We are loving Istanbul! We walked over 13 miles and 26k steps today! We explored a TON! It all started at the Grand Bazaar.
It was much different than we had expected. I was picturing dusty, crowded alleys jam-packed with people and noise and excitement. Definitely not this.
It’s grand, for sure, there were so many stores spread out over a big area. It was just so much cleaner and more organized than I had hoped.
We were also surprised by the amount of expensive goods – jewelry and high end designers. We figured there’d be more local crafts and cheap souvenirs like the markets we’ve been to in Thailand and Cambodia.
From there we wandered up the hill to Süleymaniye Cami, or Suleyman Mosque. So far, this has been our favorite thing to visit – even more than Hagia Sophia (although the scaffolding in Hagia Sophia may have had a lot to do with that).
The grounds were beautiful, the mosque was quiet and magnificent, and the view was fantastic:
These are from the inner courtyard of the mosque:
Here’s the inside:
Even the fence (visitors need to stay behind a fence outside the prayer area) was pretty:
Suleiman the Magnificent was buried on site too, in a nice building next to a beautiful garden. He’s in the big one in the middle:
Then we wandered through side streets toward Rustem Pasha Mosque and the Spice Market. We didn’t take many pictures here, but you can see this part all on the video:
Rustem Pasha (Rüstem Paşa Cami) is a small mosque on a side street above a market. It had one of the most intricate doors/door knobs we’ve ever seen.
Because it was small, it seemed more crowded, so we didn’t stay long. On to the spice market!
The spice market was more aligned with what we imagined than the grand bazaar was this morning. The most important part was spot on: it smelled like a walk-in spice rack. We loved it! In addition to spices, the market had a ton of turkish delight and baklava in all shapes and sizes.
They gave us one of those to try – they’re called Sparrow’s Nest. Not my favorite. Isa bought two types of baklava:
The baklava here is WAY butterier and heavier than the baklava in the states. It’s borderline not even the same thing. But Isa really liked it, it was just so bad for you that she’s trying not to eat it all day every day or she’ll get sick.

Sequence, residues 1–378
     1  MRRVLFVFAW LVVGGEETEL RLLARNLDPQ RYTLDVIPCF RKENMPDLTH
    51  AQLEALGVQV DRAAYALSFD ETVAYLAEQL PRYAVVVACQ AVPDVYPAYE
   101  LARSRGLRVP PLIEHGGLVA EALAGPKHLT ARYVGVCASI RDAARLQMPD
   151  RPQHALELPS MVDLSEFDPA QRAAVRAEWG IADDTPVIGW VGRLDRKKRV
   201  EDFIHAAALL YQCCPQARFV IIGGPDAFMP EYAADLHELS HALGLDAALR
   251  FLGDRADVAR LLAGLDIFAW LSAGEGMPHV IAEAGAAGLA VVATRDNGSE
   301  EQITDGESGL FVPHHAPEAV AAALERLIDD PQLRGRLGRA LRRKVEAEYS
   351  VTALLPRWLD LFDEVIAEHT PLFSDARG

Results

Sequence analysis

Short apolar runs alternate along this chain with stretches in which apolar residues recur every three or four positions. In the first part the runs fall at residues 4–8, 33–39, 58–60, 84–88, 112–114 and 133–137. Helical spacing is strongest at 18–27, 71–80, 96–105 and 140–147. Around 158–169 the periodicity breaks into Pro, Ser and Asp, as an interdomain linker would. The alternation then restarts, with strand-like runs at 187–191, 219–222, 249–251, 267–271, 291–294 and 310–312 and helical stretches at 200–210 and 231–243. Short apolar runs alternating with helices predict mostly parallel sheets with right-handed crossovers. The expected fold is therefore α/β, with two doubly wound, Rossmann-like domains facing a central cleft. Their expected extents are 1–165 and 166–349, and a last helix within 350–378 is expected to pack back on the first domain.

Then we crossed the Galata Bridge and climbed the hill to the Galata Tower. This side of the river is called Beyoğlu.
Once you cross the bridge, you’re out of old cute historic town of Istanbul and it seemed like we crossed into the old ghetto. It really looks like they just don’t care about keeping this side clean at all with all the graffiti, broken stairs, and busted roads.
At the top of the hill, we finally found the tower, but it cost almost as much as Hagia Sophia and it was hazy today so the view wouldn’t have been spectacular, so we opted not to take the elevator to the top. (Btw, what kind of old tower installs an elevator? going up the old stairs is part of the experience!)
The tower is pretty much the start of Istiklal street, which is a long, wide pedestrian road with lots of shopping and bars. It’s packed.
Of all the options, there was one particular restaurant that stood out to us New Yorkers:
That’s right, there’s a Shake Shack in Istanbul! Never would have guessed. We opted for more traditional Turkish food though, and went to a little Pide place just off Taksim Square. It was delicious!
From here we wandered through side streets and alleyways down to the water.
This also seems like a good time to talk about cats. There are cats EVERYWHERE in Istanbul. And it seems that they’re pretty well taken care of. But they’re definitely all strays.
You can find them all over these side streets, but also all around the mosques on the other side too. There was actually a cat inside Hagia Sophia (and people took pictures with it like it was part of the attraction). So if you like cats, put Istanbul on your list.
We got down to the water and then took the tram back across the bridge. We got off the first stop and went to check out the New Mosque (Yeni Cami) but it was prayer time so we had to kill some time, which we did by getting some Turkish ice cream.
There’s really no way to adequately describe the experience of getting ice cream in Turkey. It’s part fun, part annoying, mostly entertaining, but kind of a scam. You can watch it in the video at about the 6:10 mark. You have to do it once though. Unfortunately, their ice cream has a really weird texture (gooey instead of creamy). It wasted enough time that prayer time ended and we could go into the mosque though.
The New Mosque was really nice. It doesn’t look like anything special from the outside…
…but the inside is fantastic:
We really loved the intricate architecture of all the domes, half-domes, and arches. Isa also loved the carpet designs.
You have to take your shoes off inside mosques, and I was in sandals today and Isa just wore flats with no socks. So we were both bare foot in the mosques.
We headed back towards our hotel from here and we weren’t expecting to stop anywhere else, but then we happened upon this really cool looking mosque (Vilayet Mosque) with nobody in it, so we couldn’t resist.